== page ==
Nature's logic makes no qualitative judgments: earthquakes, disease, fire, and flood destroy human beings just as they also destroy irrational animals - without distinction. Decay, pain, panic, and death constitute the same conditions of existence for both Aristotle and his dog. Why? How is this irrationality compatible - how does it coexist - with the wonderful rationality (the wisdom and beauty) of nature? Why is the only consciousness in the universe, the creative uniqueness of each human being, a provocatively negligible given in nature's mechanistic functionality? And why do hatred, blind cupidity, sadism, and criminality spring from nature - why do they have roots in humanity's biostructure? Can we perhaps bring some logical order, some principles of understanding, to questions concerning the nature of evil? This book attempts to respond to the challenge.Those who know and have read Yannaras will find here a characteristic style that is not without its frustrations: he seems to dodge and weave around various "positions" and take almost exuberant delight in sketching out certain lines of thought, only to dash them to bits a little later on. If you have patience to see it through to the end, the book tries on multiple definitions and conceptions of evil, and then just as quickly strips most of them off and rubbishes them. You get some clarity in the end, but you have to work at it. "Mercurial" is the word that recurs when I think of his style.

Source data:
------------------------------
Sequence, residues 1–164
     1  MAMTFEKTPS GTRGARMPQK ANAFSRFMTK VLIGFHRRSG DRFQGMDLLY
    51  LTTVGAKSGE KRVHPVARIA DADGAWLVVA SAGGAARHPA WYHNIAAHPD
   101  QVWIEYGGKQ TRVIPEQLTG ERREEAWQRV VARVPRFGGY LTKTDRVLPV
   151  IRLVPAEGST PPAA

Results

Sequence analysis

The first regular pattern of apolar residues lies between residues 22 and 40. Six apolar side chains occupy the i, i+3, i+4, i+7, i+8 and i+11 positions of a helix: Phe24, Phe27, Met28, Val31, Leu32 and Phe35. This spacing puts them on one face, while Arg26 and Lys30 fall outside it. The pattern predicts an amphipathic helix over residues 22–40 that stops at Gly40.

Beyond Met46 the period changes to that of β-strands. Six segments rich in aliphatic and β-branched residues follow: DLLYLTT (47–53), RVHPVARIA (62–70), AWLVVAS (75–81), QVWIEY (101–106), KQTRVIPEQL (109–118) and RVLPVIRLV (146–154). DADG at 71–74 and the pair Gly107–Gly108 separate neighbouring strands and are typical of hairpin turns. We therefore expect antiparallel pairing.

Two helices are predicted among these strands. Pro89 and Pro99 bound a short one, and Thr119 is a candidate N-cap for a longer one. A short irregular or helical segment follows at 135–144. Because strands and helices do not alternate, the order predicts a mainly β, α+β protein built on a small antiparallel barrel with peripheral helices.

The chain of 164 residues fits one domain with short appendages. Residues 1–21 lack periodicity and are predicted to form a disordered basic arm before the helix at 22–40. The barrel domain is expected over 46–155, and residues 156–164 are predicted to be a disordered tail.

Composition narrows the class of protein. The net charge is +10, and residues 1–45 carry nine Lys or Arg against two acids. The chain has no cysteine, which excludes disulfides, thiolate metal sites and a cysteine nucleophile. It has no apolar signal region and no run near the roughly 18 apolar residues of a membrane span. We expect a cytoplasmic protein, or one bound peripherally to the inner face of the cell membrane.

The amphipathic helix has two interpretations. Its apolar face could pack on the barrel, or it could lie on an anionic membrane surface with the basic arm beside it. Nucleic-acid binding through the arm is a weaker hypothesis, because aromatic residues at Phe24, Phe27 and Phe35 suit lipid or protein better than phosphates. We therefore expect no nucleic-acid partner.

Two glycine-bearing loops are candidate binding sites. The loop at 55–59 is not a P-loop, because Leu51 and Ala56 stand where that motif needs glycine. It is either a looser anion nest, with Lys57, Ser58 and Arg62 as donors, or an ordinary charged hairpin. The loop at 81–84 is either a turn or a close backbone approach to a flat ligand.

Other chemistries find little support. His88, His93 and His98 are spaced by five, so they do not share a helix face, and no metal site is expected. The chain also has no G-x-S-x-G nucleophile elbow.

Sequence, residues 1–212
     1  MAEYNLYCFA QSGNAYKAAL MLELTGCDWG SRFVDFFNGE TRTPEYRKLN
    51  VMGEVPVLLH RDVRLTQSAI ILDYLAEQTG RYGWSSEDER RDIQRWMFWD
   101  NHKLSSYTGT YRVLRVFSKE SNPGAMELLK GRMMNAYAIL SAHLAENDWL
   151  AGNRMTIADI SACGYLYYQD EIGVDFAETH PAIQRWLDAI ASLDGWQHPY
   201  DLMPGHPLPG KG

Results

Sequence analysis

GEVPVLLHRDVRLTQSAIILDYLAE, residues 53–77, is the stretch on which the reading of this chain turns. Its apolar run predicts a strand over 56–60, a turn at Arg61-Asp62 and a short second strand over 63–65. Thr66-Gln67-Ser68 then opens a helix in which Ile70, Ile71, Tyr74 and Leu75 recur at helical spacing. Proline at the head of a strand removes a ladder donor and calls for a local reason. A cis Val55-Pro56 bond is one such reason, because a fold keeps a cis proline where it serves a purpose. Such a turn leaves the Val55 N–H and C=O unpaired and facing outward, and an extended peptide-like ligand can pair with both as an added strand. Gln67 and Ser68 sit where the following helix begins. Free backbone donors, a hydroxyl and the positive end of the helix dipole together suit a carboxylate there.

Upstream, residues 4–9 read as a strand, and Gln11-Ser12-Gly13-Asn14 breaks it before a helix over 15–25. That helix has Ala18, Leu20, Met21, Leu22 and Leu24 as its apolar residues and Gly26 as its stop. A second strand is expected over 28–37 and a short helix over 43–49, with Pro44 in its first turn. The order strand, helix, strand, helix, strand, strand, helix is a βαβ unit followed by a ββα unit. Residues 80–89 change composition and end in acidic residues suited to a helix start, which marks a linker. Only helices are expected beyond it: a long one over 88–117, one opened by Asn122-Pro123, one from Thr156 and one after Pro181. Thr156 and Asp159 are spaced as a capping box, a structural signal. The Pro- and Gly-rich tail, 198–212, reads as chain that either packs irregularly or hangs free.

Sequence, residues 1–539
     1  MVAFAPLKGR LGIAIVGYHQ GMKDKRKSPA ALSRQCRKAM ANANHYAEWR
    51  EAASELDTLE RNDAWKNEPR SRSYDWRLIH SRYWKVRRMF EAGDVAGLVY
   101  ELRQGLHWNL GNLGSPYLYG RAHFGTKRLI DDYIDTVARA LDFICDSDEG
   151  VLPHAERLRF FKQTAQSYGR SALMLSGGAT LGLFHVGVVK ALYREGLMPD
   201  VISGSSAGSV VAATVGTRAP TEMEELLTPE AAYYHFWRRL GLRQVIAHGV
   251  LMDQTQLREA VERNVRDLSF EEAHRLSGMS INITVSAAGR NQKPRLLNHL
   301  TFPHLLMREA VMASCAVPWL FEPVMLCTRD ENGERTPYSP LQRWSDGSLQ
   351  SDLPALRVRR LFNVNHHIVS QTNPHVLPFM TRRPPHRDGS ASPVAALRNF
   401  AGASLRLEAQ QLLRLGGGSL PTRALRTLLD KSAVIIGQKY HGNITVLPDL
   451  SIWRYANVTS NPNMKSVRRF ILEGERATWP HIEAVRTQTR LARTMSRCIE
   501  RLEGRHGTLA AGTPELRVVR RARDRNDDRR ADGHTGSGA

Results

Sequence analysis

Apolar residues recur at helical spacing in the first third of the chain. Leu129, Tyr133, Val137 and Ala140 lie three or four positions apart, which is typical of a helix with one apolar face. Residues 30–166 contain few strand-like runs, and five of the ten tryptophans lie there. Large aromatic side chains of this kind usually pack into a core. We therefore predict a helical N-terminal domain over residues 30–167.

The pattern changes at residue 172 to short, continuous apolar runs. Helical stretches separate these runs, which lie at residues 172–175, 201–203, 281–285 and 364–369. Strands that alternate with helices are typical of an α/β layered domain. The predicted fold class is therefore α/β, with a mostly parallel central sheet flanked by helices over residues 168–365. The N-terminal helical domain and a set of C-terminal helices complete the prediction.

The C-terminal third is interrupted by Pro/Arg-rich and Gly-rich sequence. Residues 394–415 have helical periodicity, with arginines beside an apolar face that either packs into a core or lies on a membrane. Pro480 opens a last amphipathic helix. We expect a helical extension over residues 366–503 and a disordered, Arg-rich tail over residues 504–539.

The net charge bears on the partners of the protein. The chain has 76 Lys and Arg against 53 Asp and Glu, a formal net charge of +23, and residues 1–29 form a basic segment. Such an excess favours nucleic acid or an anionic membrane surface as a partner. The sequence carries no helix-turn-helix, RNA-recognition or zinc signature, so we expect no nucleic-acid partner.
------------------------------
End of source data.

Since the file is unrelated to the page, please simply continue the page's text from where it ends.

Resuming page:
Still, the value in this book, it seems to me, is that it does not confine itself to classic (if sometimes tiresome) questions of e.g., why does God let the little girl die of brain cancer at 3, or how could He have allowed the Holocaust? Yannaras's focus, rather, is on "natural" evil, as he ponders how it is that "nature" seeks to survive while at the same time "nature" also allows for or brings about floods, fires, tornadoes, earthquakes, and the like.